(Northern Lights) – They just have to start over. This didn’t work at all.
That’s what politician Rudit Jens Engwald Olsen tells Nordlees. He was one of several thousand who did not get a ticket to Gloud who ran out of tickets for Sparebanken Nord-Norge on September 24.
On stage are the artists Karpe, Dagny, ISÁK, RSP & Thomax. There is room for 20,000 spectators in the center of Tromsø.
The comment section of the local Nordlys newspaper, on the issue of the sold-out concert, is beginning to boil. Many people criticize the fact that it was possible to order several tickets with the same booking link. This was a contributing factor to thousands not getting a ticket.
It aroused great resentment and commitment in the local community.
There are many family members who sit down and think they’re going to get a ticket to a great concert and feel cheated, says Olsen.
black market trading
The politician thinks the whole thing is an invitation to engage in the black market trade.
If the bank thinks people will give up their tickets, they are too naive, he says.
He is right about that. It is true that no tickets have been put up for sale on finn.no, but many people have announced that they want to buy.
I’m excited about how the bank intends to avoid black market trading, says Olsen.
Nordlys contacted those who posted tickets, with one saying she was offered a 1,200 NOK ticket.
– She writes: – It is so sick that so many people sit with 20 tickets and sell them at that price.
Free tickets were released for two rounds on Friday, one at 09.00 and the other at 18.00.
– I would encourage the bank to do this again, since no people lost their money considering this should be a free event. Olsen says that didn’t work at all.
– It’s illegal
Stein Vidar Loftus is Director of Communications at Sparebanken Nord-Norge. He confirms that there are tickets for sale on social media from private individuals.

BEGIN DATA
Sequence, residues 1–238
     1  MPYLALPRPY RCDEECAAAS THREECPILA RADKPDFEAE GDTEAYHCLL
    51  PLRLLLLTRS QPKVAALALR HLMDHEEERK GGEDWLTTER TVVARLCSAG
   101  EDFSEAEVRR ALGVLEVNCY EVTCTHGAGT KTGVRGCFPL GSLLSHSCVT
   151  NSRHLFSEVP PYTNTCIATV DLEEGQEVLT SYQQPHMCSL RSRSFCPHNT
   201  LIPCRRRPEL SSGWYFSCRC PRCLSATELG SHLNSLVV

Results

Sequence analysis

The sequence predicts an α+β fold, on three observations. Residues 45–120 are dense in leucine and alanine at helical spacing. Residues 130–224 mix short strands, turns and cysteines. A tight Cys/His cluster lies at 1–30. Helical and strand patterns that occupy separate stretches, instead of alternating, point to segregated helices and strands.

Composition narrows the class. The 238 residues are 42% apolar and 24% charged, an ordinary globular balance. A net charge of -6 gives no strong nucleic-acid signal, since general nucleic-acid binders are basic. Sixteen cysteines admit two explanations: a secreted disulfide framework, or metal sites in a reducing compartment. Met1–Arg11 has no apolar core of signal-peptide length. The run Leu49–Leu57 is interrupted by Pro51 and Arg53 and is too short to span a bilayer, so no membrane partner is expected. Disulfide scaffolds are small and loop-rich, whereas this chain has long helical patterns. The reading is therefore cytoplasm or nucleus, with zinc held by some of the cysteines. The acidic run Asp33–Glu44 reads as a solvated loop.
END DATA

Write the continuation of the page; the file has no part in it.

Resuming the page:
– This is illegal. You can’t post tickets for sale above face value, says communications director Loftås.
Earlier on Friday, Loftas told Nordlees that the bank was aware that black market sales could become a problem.
– We’re ready for that, but it’s a bit difficult to know how to deal with it. He adds that services like Finn already have systems in place to prevent this type of sale.
When asked if the entire ticket sale should be carried out again, Loftus replied as follows:
– Many are disappointed now. This will necessarily be the case when he wants 70,000 tickets, and there is space for only 20,000. So we must not forget that a lot of people are very happy too! A few of them behaved poorly, but the vast majority of tickets went to people who only did what they were supposed to do. It would be very unfair to them if the cards were dealt again. So I think we should leave this ball dead, says Loftus.
Clearly not illegal
Bjorn Halvor Weckstein is a lawyer in Tromsø. It is believed that it is not clear that the ongoing sale is illegal.
– If the bank had taken 1 kroner in the first stage, it would have secured itself against resale. Then the law will have entered into force. He adds that selling the gift is an ethical issue, but what is happening now is not affected by the wording of the law NRK.
Violation of the black market law in Norway also does not result in any criminal penalty. In Denmark, you can be fined if you engage in resale.
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